aiForward is an open, global program created by Aiforia, aiming to advance the use of AI-powered image analysis in medical research, focusing initially on neuroscience, cancer, and lifestyle diseases. The program was launched in December 2018 and has attracted wide international interest — receiving applications from institutes in Norway, the United States, and other countries. These applications are reviewed regularly by an independent Advisory Team, of which the first three internationally-recognized scientific experts have been confirmed.
Advisory Team’s first members are Professor Joseph Geradts from City of Hope
National Medical Center, United States, Dr. Fredric Manfredsson from Michigan
State University, United States, and Dr. Juha Kononen from the Department of
Oncology at Central Finland Hospital. The Advisory Team evaluates the
scientific validity of the proposals and provides expert insights and guidance
on the selected research projects.
three members bring together years of versatile experience from various
positions held at some of the world’s most highly regarded institutes such as
Oxford University and the Dana-Farber Cancer institute, in a wide range of
clinical and molecular research fields from oncology to neuroscience.
Geradts is a board-certified specialist in anatomical pathology and an
accomplished cancer researcher and clinician, recently initiating several
studies that utilize deep learning algorithms for the development of novel
prognostic and predictive breast cancer models. “[Joining the Advisory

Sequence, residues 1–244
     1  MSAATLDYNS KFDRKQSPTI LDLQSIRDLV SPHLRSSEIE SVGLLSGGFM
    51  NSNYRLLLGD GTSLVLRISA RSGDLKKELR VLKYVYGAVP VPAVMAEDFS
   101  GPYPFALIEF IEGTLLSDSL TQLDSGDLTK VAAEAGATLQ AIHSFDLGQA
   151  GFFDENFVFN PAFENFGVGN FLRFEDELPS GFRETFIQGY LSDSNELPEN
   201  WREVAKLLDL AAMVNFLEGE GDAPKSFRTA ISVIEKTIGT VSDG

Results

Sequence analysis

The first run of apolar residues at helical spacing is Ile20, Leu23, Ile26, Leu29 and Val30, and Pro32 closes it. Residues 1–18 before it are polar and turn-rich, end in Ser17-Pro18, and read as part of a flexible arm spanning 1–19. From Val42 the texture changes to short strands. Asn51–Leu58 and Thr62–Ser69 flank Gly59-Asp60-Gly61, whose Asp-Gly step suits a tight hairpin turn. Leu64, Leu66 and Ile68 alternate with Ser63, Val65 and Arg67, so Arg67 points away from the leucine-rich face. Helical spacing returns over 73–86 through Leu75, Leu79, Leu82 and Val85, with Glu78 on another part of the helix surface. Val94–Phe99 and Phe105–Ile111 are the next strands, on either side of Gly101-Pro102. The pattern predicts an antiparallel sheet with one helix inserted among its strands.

Team] allows me to provide my input on research projects that may significantly
advance the application of artificial intelligence in anatomic pathology.
Aiforia has the potential to play a significant role in this area, which I
consider critical to the future of pathology,” Professor Geradts comments
on his new role in reviewing aiForward projects focused on cancer research.
Kononen is also collaborating with Aifoira to provide his advice and expertise
in cancer. Dr. Kononen is a board-certified oncologist and leads the oncology
department at a large hospital in Finland. Meanwhile Dr. Manfredsson, an
assistant professor of Translational Science and Molecular Medicine, will
provide his expertise to neuroscience led projects. He is currently pioneering
research focusing on the engineering and application of viral vectors in the
study and treatment of Parkinson’s disease.
Aiforia is excited to be collaborating with such accomplished
researchers and clinicians in order to launch the first few projects to bring
deep learning AI to the lab bench. AI and deep learning methods hold the
promise of increased consistency and speed in the evaluation of pathologic
specimens, and automated algorithms enable highly quantitative assessments,”
says Professor Geradts, and continues, “They may also allow the identification
and utilization of features in histologic or cytologic specimens that may be
difficult to appreciate or quantify by the human eye and brain.” Aiforia as
well is excited to observe and share the progress of these projects, and the
momentous results that are sure to be generated through the use of AI.
Applications are accepted on a
continuous basis in the fields of cancer, neuroscience, and lifestyle diseases.
These can be submitted through the program website now at www.aiforward.org